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Monday, March 12, 2012

Tiger fights plaque attack! Siberian big cat flosses on a nearby branch to stop his teeth decaying

By Simon Tomlinson

When you spend your life tearing through chunks of meat, you're bound to get a bit stuck between your teeth - not to mention the inevitable plaque build-up that follows.

But it's not a hygiene hazard that has escaped this Siberian tiger.

Showing off his impressive dental skills, he makes use of a handy branch to give his gnashers a good floss.

Banishing that bacteria: This Siberian shows he knows a thing or two about plaque prevention by using a branch to floss his teeth at Tiergarten Schnbrunn zoo in Austria

Doing so regularly can help prevent gum disease and gingivitis which can cause bad breath and tooth decay.

Photographer Jutta Kirchner, who captured the action in the big cat's enclosure at Tiergarten Schvnbrunn zoo, in Vienna, Austria, said: 'I couldn't believe what I was seeing.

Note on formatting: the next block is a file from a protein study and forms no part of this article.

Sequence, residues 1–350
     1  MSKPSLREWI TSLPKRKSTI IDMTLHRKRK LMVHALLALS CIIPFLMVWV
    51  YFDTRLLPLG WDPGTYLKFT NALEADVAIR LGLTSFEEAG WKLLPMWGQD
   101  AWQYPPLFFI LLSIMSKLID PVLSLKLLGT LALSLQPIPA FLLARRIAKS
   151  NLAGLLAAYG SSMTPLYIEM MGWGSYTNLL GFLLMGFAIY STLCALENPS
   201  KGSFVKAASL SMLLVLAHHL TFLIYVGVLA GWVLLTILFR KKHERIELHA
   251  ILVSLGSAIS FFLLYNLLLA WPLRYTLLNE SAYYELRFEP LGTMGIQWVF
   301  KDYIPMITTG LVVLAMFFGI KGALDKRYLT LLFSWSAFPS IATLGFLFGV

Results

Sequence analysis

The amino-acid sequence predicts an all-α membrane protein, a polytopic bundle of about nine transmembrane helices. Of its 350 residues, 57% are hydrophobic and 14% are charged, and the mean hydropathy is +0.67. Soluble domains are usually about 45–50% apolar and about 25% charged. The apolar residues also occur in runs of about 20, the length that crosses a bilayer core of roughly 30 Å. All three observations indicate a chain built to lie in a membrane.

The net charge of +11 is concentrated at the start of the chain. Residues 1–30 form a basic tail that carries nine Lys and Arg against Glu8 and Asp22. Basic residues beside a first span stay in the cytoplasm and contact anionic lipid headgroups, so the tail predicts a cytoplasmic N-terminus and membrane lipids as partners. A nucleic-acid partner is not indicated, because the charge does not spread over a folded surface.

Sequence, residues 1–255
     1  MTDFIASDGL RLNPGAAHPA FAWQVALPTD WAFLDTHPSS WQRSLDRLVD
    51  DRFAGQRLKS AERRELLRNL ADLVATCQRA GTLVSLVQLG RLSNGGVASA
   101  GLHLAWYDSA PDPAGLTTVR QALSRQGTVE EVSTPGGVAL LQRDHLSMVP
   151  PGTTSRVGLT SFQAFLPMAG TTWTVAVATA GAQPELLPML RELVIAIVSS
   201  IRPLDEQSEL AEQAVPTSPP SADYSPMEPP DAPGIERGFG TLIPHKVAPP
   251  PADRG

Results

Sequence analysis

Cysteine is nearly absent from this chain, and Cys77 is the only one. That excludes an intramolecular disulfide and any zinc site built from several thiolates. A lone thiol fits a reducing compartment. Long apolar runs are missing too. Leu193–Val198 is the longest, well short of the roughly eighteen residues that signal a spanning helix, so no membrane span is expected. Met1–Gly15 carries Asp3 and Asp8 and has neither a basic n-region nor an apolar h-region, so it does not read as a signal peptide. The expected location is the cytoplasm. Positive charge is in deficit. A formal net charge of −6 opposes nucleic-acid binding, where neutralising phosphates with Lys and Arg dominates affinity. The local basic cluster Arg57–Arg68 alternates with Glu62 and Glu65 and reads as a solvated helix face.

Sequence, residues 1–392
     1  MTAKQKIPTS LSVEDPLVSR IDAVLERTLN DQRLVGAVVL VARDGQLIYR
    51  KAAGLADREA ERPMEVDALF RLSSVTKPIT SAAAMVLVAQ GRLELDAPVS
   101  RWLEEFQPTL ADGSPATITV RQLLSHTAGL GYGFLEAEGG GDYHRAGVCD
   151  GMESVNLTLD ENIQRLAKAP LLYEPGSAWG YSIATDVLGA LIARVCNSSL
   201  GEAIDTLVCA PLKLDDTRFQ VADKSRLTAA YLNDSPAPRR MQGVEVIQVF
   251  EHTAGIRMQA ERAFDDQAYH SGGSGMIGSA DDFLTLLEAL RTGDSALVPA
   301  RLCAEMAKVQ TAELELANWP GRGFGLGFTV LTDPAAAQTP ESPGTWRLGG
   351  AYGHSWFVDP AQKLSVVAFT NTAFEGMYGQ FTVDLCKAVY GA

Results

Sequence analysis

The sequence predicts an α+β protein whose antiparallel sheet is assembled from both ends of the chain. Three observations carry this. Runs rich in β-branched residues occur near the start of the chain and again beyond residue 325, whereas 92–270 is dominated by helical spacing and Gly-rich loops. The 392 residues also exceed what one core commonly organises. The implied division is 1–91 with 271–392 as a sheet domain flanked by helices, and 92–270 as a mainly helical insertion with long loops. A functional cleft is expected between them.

'I've never seen an animal actively try to clean its teeth and I thought it was amazing.

'But I suppose they get things stuck in their teeth just like anyone else and find it just as irritating as the rest of us.'

Prancing on ice: Two of the zoo's Siberian tigers enjoy play time in the snow in another picture taken by Jutta Kirchner

Jutta has previously photographed Siberian tigers playing in the snow at the zoo.

The Siberian tiger lives mainly in the Sikhote Alin mountain region in east Russia.

In 2005, there were under 400 adult Siberian tigers left in the region, with an adult breeding population of about 250.

The population has been stable for more than a decade thanks to intensive conservation efforts.



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